With data in hand, it’s then necessary to translate it into a content strategy that meets the expectations of fans, respective of whatever segment they fall into (age range, geographic location, preferred broadcast language, etc.)

“Going digital” is no longer a matter of making your content (or slight variations of it) available online. That simply doesn’t cut it anymore.

Personalization is now the name of the game and delivering tailor-made content to various fan segments as fast as possible and at scale is necessary to keep your organization’s brand front and center in the eyes of fans. This is even more true for teams, leagues, and broadcasters that have an international presence or appeal.

For example, most NBA teams have a primary audience based in the United States, but as more international players join the league each year, many of whom are some of the top or budding stars in the league, new connections are forged between the teams and home countries of their foreign players. It’s up to the teams and the league for that matter, to produce the right content that resonates with those audiences.

The NBA has been an undisputed leader when it comes to maximizing its brand globally. It might come as a surprise that outside of the US, the league’s biggest market isn’t France or Canada, but Brazil—which boasts the largest social media following and the most League Pass subscribers of all the NBA’s international markets.

If you’re an individual responsible for marketing your organization’s brand, you might want to ask yourself, “Am I creating the type of content that all of our fans want to consume? Is it localized (not just translated)? And is the content being delivered at the optimal time to every fan?” Lastly, and most importantly, “Is the operation scalable?”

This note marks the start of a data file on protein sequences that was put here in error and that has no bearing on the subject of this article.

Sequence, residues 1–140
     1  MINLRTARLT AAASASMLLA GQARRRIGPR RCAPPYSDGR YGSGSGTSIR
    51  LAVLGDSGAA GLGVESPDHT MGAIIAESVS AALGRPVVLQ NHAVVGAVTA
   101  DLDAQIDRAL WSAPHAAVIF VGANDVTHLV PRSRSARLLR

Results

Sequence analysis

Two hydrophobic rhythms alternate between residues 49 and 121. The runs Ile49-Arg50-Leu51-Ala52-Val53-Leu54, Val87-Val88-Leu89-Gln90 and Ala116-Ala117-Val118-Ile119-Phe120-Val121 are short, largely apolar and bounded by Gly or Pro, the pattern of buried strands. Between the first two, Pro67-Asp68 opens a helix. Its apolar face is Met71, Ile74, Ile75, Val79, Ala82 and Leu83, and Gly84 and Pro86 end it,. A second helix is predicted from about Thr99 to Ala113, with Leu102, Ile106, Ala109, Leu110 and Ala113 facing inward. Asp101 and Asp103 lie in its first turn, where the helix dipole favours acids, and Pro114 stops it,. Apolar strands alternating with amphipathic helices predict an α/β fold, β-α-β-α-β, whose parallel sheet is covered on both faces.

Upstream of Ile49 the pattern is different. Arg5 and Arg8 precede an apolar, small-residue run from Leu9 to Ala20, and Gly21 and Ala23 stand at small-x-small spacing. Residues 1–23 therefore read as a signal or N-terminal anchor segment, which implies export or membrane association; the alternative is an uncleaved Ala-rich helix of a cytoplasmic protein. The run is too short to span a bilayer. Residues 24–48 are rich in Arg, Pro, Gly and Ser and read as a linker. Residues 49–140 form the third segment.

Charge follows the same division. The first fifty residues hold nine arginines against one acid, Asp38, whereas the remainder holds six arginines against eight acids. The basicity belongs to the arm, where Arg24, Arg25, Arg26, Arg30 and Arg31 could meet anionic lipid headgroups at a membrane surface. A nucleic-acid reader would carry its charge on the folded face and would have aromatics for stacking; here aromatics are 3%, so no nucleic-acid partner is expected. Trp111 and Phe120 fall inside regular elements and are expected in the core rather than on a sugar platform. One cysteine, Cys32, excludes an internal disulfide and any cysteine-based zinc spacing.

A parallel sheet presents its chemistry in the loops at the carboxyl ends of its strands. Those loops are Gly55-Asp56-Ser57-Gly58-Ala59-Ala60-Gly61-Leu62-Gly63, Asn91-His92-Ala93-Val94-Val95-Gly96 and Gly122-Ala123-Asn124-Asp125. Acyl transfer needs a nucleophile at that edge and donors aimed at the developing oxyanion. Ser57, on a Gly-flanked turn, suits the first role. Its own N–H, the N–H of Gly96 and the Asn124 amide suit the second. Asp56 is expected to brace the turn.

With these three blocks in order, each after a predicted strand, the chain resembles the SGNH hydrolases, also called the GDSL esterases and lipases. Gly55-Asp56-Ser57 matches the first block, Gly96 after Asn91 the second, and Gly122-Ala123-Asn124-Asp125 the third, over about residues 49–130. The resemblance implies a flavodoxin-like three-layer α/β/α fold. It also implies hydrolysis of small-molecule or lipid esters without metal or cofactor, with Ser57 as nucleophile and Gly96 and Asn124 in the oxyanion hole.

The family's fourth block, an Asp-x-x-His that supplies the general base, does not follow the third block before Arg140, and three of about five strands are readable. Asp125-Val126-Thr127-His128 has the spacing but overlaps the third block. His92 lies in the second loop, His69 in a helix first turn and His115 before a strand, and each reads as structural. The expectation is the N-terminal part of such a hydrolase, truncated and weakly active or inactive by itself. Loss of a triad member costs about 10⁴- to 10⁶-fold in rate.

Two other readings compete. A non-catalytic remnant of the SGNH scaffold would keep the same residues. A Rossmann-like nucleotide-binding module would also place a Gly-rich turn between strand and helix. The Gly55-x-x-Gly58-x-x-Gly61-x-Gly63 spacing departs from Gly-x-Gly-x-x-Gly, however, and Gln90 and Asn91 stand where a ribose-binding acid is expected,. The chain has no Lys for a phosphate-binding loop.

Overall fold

To that end, sports organizations need to start acting more like digital advertising agencies if they want to better serve their audiences and build brand loyalty. That means creating customer journeys across multiple digital platforms and formats, with clear CTAs at the end of funnels. It also must include an understanding of different ways to engage audiences before, during and after live games, ideally in a way that’s fun and retains fans’ interest.

Some readers may very well be doing these things to some degree already, but they’re a game changer for anyone who’s yet to apply these methods to their work.

Key takeaways

Live sports on linear TV is likely here to stay for the foreseeable future, but the trends are not something to ignore. Changing viewership habits have long been discussed in the industry, and they should be regarded as an opportunity as opposed to a challenge.

The opportunity is the chance to get new, younger audiences to connect with your brand by meeting them where they are and delivering the content they enjoy most. The return is that “aha” moment when fans start taking notice and think to themselves, “Hey, these guys really get me.”

By taking a leap forward and embracing methods applied at startups and digital agencies, the potential to forge stronger bonds with existing fans will increase while opening the door to new potential fans in the process.